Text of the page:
In spite of the overwhelming need for collaboration in health and infectious diseases between India and Pakistan, no official channel is in place to conduct such an exchange. Currently, the Attari-Wagah border is used as a quarantine of sorts to vaccinate children crossing the border to prevent the spread of polio infection. During the H1N1/swine flu pandemic, the train that crosses the border – the Samjhauta Express – is frequently fumigated with insecticide. Custody was sought of animals being transported to India such as pigeons, donkeys and dogs for fear of spread of diseases ‘eradicated from India’. While the issue of cross-border infection has been used for rhetorical purposes, no constructive step to overcome this deficit has so far been taken from either side. While Pakistan has sought medication and insecticide from India to combat the dengue epidemic, there is no robust mechanism to ensure that such positive exchanges can occur on a regular basis.

Pakistan and India face similar public health challenges. Both are third world countries faced with similar geography, population demographics, and infectious diseases such as pneumonia, measles, malaria, and tuberculosis, accompanied by widespread malnutrition.  Pakistan and India are also two of only four countries in the world where polio remains endemic, though India has made substantial progress in eradicating polio within its borders this year. Importantly, dengue is also a challenge shared by both Pakistan and India, which in itself is reason enough for close cooperation to occur.

Pakistan’s healthcare system is decrepit by any standard. Healthcare remains a luxury reserved for those who can afford expensive services provided by largely privatized providers. Furthermore, the formerly federal responsibilities of coordinating healthcare and health-related services have recently been devolved in both India and Pakistan. This devolution poses similar challenges to Pakistan and India, since the lack of internal systematization of health information precludes international collaboration. According to Dr. Sania Nishtar, president of the Pakistani NGO Heartfile and a leading authority on health systems in the developing world, "The inadvertent fragmentation of health information as a result of health devolution in Pakistan is further undermining the country’s ability to share information with its neighbors." However, she suggested a way forward to overcome the disintegration of a central health in order to facilitate international collaboration. "Options are available, however, to cast an institutional construct that will enable Pakistan to step up its capacity so that the country is compliant with International Health Regulations, 2005", she added.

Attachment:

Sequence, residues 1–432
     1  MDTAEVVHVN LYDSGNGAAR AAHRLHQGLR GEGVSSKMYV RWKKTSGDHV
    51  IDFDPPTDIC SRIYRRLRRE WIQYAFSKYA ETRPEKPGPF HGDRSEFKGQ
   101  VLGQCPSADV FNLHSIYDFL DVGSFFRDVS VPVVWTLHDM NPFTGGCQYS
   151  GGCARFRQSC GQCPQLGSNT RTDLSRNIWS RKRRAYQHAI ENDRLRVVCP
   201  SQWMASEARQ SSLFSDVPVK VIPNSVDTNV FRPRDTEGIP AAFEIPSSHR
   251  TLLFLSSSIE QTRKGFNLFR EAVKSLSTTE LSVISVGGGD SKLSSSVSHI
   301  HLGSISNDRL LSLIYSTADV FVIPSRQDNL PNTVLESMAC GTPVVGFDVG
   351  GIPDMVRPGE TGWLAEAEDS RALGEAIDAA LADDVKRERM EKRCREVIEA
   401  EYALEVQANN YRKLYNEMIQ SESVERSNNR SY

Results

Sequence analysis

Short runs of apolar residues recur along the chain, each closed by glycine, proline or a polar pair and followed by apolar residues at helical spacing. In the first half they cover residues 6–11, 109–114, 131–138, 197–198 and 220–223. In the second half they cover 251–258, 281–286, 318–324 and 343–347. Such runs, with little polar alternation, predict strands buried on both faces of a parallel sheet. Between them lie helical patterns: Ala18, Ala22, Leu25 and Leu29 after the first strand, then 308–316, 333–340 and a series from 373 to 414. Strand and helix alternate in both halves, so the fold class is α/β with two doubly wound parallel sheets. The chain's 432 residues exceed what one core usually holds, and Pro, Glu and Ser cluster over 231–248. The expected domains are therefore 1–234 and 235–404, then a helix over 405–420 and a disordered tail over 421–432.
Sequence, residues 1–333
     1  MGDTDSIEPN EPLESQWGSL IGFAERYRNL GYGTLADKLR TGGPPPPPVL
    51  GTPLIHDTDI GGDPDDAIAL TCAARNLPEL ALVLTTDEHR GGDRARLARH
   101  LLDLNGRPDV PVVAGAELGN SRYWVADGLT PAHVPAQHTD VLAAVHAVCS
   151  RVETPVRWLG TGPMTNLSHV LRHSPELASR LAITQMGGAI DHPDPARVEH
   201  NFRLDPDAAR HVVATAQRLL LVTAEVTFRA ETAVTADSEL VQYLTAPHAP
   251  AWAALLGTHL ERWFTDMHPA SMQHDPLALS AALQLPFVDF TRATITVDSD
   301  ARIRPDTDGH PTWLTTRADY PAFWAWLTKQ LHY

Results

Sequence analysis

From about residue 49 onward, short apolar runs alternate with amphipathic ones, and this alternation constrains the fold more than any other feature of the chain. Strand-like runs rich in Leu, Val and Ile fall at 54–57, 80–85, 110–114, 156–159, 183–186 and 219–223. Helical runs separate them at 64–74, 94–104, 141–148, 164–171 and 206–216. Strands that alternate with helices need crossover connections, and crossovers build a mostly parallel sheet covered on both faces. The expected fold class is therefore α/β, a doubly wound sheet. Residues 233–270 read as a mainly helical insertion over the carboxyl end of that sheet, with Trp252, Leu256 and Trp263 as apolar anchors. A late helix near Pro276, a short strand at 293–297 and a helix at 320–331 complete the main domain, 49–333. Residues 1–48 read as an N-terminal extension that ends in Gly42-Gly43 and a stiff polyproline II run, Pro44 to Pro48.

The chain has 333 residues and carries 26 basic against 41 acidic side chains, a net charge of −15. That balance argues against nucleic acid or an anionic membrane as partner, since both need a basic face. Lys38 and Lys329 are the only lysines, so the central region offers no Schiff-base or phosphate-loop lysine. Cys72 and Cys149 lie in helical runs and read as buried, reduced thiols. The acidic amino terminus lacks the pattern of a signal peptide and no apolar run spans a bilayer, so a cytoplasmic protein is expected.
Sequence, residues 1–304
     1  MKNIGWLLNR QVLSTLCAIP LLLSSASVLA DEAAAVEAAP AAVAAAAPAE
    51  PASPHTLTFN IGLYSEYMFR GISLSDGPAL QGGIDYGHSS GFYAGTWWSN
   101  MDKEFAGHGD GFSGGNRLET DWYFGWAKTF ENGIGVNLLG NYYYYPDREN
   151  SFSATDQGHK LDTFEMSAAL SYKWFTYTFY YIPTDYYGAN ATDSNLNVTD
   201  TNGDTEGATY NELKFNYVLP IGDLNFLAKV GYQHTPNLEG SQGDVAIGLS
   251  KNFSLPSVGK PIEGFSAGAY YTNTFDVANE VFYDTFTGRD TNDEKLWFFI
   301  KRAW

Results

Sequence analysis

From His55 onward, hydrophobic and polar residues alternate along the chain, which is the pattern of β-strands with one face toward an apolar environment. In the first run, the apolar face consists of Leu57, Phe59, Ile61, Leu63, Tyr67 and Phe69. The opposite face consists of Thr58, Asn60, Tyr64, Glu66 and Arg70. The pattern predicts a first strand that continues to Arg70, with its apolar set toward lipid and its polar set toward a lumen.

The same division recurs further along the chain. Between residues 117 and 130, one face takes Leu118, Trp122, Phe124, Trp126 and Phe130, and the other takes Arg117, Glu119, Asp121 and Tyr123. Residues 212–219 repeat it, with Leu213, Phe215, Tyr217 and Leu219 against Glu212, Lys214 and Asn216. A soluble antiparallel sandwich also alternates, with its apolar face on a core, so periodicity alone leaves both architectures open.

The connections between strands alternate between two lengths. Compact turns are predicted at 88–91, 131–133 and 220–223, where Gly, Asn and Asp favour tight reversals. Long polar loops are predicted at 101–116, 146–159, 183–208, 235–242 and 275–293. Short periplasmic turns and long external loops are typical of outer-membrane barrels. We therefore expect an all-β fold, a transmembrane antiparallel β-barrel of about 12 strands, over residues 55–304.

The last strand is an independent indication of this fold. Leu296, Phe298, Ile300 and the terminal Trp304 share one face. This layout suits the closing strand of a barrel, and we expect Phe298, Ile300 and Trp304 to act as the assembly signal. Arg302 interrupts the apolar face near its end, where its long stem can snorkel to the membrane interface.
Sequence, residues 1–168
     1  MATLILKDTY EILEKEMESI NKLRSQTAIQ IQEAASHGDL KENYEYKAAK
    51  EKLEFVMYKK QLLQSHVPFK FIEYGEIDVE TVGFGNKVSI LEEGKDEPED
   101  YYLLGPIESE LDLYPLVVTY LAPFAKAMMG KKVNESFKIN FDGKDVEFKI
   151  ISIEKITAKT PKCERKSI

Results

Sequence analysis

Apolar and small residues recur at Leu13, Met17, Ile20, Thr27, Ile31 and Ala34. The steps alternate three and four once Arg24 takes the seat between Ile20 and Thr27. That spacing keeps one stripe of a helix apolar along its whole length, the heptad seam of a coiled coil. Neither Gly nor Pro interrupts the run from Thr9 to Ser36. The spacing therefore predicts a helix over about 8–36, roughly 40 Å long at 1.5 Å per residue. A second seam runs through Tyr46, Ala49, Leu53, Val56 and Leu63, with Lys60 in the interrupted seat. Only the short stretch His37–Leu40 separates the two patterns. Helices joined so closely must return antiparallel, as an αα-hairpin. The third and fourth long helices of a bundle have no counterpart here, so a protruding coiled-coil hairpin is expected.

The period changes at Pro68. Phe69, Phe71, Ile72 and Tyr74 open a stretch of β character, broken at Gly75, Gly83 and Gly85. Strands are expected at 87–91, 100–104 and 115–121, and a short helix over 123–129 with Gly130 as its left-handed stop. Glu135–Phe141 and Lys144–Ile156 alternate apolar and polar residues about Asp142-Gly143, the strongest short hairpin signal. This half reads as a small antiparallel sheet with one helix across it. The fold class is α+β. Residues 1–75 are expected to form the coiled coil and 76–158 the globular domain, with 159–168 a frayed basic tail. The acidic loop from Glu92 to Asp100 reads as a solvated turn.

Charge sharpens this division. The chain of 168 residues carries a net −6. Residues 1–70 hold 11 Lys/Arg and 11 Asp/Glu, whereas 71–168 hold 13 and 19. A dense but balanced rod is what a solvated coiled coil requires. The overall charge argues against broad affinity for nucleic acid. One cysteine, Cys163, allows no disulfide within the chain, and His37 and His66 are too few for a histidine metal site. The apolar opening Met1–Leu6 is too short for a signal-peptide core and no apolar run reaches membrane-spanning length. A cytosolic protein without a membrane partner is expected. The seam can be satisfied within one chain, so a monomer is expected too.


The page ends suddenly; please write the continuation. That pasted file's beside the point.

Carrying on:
The lack of collaboration between Pakistan and India with regard to infectious diseases is only reflective of the thorny history shared by these two countries and the level of prevalent distrust on both sides of the border. The World Health Organization is a large platform with regional organizations that help countries collaborate in their neighborhood. However, in a move representing a snapshot of the bigger picture, Pakistan opted to be a member of the Eastern Mediterranean region as opposed to the more natural South-East Asia region, which is headquartered in New Delhi. This move away from the South-East Asia region was political and was made so that Pakistan does not have to compete with India, which dominates the regional organization. Therefore, composite dialogue carried out bilaterally by Pakistan and India is the only platform for a health partnership to be forged. A fresh start needs to be sought to elevate the relationship from quarantining birds and other animals on the border to sharing research, disease surveillance data, vector control strategies and health communication material with institutional support. However, this can only occur under the umbrella of wide ranging confidence-building measures. Not only will it be extremely difficult to initiate collaboration, but the sustainability of any initiative might be an even greater issue given that it will always remain hostage to politics.

Haider Warraich, MD, is a research fellow at Harvard Medical School. He is a graduate of the Aga Khan University in Karachi, Pakistan, and the author of the novel, Auras of the Jinn.